I suffer from a condition that my family politely refers to as “directional impairment.” Impolitely, it’s probably a form of dyslexia. It’s definitely hereditary. The G.P. has it even worse than I do. The Rev finds our inability to find due north (or, technically, left) hilarious, and helpfully teases us unmercifully. Yesterday, when I briefly got lost out on the dog jog (on a route we have traveled daily for the past two years), I did some quick calculating and realized that I’ve been lost approximately 80% of my adult life. I’ve been lost so often that I now have degrees of lost-ness, sort-of like the way Eskimos have words for snow.
Most of the time, the situation isn’t dire. Because I don’t know where things are located in any conventional sense, I navigate by landmarks (on the dog jog it’s canine points of interest like Rich Man’s Alley, the Pee Pee Tree and that place we saw the cat that one time). Once I recognize something, I can usually deduce how to get home from there. Technology has been great, too. Now that there’s a magical lady who lives in my phone and knows where everything on planet Earth is located, I can get anywhere in almost a reasonable amount of time.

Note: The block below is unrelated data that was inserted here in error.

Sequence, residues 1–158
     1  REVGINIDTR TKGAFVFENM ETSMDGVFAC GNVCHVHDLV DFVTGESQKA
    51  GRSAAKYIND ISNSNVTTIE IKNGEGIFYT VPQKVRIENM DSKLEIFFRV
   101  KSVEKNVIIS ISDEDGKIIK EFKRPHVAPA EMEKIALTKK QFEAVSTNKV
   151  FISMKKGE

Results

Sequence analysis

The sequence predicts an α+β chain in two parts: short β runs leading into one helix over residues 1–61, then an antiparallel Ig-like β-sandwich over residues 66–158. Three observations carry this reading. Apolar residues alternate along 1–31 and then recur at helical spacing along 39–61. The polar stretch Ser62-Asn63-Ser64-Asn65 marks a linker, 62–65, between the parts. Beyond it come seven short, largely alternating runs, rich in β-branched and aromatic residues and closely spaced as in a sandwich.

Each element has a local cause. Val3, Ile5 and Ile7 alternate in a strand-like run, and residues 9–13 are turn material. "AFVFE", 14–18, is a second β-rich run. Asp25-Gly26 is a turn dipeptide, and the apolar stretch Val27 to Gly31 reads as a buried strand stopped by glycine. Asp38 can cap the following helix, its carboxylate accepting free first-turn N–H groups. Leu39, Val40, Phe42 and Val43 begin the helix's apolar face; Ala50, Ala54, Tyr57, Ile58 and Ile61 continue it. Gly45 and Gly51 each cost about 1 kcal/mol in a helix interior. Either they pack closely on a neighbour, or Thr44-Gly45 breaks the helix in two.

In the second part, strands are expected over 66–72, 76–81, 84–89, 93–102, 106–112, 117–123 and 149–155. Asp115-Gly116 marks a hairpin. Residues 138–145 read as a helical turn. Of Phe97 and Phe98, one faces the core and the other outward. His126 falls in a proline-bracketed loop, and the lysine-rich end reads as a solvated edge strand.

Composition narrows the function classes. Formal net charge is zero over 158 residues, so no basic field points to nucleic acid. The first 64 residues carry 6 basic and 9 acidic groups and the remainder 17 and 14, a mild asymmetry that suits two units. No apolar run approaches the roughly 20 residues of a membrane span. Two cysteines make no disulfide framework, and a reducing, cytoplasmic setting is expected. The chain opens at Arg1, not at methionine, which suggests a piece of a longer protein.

Several years ago, my uncle died suddenly. The funeral took place in Colorado, and the G.P. decided to forego the expense of buying plane tickets for the Rev, myself and my brother, Josh. In lieu of flying, we drove from Corpus to Longmont in Dad’s Mercury Marquis. My brother tried to name it the “Fun Bus.” I tried for “Titanic,” but it didn’t fly. Ultimately, and for obvious reasons due to four upset adult digestive systems being imprisoned for days in what felt like a shoe box, we just went with “Fart Car.”
As you can imagine, a family road trip with children in their 30’s wasn’t going to be a laugh riot. My brother, being tall and a jerk, got shotgun and the Rev and I were stuck in the back. My initial plan was to chug Nyquil and try to sleep through the whole thing, like a decent human being, but Mom caught me and confiscated the bottle before I could down enough to drown out the family. She thought that deliberately overdosing on cold medicine would somehow be worse than spending 40 hours in a car, awake, with all the Bair Primes. Parents just don’t understand.